If you’ve ever imagined attending your local Garden Club meeting, visions of an agenda might have come to mind featuring sweet little ladies in cotton gloves discussing spring iris beds during refreshments of fresh-squeezed lemonade and finger sandwiches. But at a San Augustine Garden Club meeting, you might want to prepare for a discussion on the progress report of a half-million dollar fundraising effort as well. Members of the San Augustine Garden Club are no shrinking violets, raising a significant sum of money on behalf of the county to supply matching funds for the restoration of the 1927 San Augustine County Courthouse. The Club raised over $650,000 to facilitate the project, and paid for additional conservation studies during the planning phase to make sure the courthouse restoration succeeded in returning the Modern Classical building to its original state.
The San Augustine Garden Club members have had a hand in courthouse beautification for decades, spearheading enhancements like decorative lamp poles, benches, a gazebo, and annual Christmas decorations. Tackling a complete courthouse restoration required a far greater fundraising effort but Club members, undaunted, proceeded to deliver. The highlight of the 2010 courthouse rededication ceremonies featured public recognition of the Club’s hard work.
The courthouse restoration project was also aided by a collection of vintage photographs taken in the 1930’s and 40’s illustrating the period before modern modifications like dropped ceilings, carpet, and aluminum windows compromised the integrity of the courthouse design. Russell Lee, the Illinois photographer and photojournalist who made a home in Austin and became the University of Texas’ first photography instructor, arrived in San Augustine in 1939. Working for a federally-funded Farm Security Administration program, Lee photographed the region’s places and people during the Depression years including the San Augustine courthouse, providing details for modern restoration experts to refer to and replicate.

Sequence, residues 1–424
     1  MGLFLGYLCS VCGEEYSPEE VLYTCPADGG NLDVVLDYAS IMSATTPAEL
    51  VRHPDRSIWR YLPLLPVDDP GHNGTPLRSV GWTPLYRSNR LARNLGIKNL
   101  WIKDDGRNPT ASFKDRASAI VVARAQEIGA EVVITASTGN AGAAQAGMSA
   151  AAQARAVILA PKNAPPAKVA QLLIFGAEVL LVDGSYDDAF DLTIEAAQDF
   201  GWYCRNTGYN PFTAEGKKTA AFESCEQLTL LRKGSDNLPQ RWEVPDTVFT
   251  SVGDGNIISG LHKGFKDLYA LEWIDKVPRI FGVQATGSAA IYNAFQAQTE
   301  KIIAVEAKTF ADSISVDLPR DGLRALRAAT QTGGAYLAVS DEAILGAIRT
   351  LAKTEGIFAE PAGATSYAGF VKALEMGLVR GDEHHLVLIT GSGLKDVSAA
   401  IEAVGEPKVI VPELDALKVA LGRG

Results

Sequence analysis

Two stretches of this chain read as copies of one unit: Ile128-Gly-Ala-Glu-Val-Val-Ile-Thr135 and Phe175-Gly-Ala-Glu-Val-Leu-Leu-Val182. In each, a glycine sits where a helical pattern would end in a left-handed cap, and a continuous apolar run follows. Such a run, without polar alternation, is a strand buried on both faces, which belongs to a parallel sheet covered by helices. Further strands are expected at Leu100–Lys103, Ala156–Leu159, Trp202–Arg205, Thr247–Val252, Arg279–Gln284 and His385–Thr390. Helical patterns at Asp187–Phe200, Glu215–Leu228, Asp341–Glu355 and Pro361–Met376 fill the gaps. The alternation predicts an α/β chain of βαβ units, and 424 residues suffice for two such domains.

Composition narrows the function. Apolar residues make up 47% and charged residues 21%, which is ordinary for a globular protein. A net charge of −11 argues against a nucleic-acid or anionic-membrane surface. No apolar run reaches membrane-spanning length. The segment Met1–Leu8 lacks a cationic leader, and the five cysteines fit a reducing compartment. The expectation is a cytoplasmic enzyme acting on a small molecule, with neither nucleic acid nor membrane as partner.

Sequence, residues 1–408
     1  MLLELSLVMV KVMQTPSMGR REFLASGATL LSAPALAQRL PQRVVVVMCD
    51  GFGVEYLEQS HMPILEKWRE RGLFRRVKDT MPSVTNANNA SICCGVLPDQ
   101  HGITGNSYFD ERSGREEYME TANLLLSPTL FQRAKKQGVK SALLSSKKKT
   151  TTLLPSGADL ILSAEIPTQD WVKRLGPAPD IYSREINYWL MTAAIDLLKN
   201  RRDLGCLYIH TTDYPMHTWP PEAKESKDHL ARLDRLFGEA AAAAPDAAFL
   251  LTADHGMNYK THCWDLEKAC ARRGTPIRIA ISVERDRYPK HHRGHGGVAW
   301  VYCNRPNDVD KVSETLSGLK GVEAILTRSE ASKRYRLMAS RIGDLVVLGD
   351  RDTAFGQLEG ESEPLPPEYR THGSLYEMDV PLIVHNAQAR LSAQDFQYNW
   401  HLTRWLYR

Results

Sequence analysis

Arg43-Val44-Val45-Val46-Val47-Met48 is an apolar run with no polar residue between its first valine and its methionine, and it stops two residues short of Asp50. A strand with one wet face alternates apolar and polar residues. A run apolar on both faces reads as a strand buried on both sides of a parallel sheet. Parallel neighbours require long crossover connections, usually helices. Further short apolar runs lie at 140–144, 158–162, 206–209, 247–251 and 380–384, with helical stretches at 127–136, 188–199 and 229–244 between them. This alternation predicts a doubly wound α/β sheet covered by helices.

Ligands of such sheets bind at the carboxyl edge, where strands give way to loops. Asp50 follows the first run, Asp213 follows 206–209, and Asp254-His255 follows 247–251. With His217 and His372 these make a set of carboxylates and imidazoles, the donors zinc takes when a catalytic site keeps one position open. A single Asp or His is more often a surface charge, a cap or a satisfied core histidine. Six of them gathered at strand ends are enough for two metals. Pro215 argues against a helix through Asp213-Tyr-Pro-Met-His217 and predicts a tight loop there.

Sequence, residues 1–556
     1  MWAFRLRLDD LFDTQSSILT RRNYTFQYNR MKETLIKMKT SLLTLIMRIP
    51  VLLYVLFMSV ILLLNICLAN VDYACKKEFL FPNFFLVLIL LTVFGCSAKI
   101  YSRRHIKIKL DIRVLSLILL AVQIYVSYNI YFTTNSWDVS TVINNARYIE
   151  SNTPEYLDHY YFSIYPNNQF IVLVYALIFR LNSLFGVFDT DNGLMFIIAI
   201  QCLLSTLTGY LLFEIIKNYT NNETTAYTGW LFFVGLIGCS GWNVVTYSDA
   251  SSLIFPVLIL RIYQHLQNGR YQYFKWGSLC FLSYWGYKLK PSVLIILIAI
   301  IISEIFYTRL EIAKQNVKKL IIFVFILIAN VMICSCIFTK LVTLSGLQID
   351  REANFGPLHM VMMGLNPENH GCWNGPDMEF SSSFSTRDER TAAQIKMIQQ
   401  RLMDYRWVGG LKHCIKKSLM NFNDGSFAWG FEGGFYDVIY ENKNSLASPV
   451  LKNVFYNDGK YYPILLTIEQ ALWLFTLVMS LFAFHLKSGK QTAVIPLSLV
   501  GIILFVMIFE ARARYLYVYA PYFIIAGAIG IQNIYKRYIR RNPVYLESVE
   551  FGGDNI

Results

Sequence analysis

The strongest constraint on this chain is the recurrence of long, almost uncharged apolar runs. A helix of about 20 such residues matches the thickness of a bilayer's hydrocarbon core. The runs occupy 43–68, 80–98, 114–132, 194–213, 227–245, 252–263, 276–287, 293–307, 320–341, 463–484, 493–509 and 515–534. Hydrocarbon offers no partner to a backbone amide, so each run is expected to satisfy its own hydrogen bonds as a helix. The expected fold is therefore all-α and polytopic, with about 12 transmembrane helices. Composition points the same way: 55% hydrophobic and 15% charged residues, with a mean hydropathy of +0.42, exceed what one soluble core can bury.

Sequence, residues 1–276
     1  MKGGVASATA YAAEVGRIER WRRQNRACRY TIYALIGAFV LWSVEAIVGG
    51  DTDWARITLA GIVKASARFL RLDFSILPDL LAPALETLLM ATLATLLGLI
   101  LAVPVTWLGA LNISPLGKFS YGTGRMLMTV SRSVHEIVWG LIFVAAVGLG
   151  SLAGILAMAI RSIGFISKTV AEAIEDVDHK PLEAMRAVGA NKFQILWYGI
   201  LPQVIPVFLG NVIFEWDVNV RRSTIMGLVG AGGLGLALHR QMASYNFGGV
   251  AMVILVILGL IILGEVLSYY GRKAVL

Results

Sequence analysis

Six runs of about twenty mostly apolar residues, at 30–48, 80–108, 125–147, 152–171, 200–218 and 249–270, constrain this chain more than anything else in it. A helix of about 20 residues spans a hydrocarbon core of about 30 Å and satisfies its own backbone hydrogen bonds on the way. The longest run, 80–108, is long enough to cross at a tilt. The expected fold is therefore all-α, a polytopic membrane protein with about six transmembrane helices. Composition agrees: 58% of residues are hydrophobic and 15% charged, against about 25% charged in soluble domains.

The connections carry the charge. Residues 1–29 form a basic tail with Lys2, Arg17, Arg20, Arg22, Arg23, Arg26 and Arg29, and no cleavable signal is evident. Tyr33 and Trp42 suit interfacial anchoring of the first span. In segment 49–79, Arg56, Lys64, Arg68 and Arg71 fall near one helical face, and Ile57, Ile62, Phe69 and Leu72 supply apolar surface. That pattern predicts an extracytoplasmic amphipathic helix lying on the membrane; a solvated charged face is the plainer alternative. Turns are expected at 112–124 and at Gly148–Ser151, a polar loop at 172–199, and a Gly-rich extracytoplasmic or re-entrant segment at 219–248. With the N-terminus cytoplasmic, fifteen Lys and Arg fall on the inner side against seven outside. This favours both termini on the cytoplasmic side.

Designed by Lufkin architect Shirley Simons, the 1927 courthouse expresses a sleek, streamlined style highlighted by simple details like a patinated bronze entry and doors flanked by matching lanterns, limestone pilasters (nonstructural architectural elements that suggest supporting columns), limestone veneer, and a unique green tile roof. The interior houses one of the largest courtrooms in East Texas. Its judge’s bench and spectator seating are original.
San Augustine’s surviving courthouse was not its first. In fact, the first District Court in San Augustine was held at the Mansion Hotel in 1837, the year the town was named the San Augustine County seat under the Republic of Texas. Present-day San Augustine first developed near the Ayish Bayou, strategically located along the historic El Camino Real near the Sabine River crossing. In 1884, a two-story courthouse, constructed with hand-made brick from a nearby kiln and designed in an Italianate styling (complete with cupola), replaced an earlier structure. Historical documentation indicates the courthouse construction was questionable, eventually leading to its sale, demolition, and replacement, and precipitating the construction of the present-day courthouse.
Because early courthouse iterations in San Augustine survived without suffering fire damage (unlike numbers of courthouses elsewhere) county records have survived as well. Today, the San Augustine courthouse preserves documents prior to the establishment of the county, including Spanish language records from the Spanish colonial period. Original court documents on civil cases, wills, court minutes, land transactions, tax rolls, criminal cases, military rolls, surveyors notes and drawings are among the historic documents now available to researchers, making the San Augustine County courthouse archives one of the state’s most important resources for exploring Texas’ pre-statehood past.
San Augustine County Courthouse
Monday-Friday, 9 a.m.-4 p.m.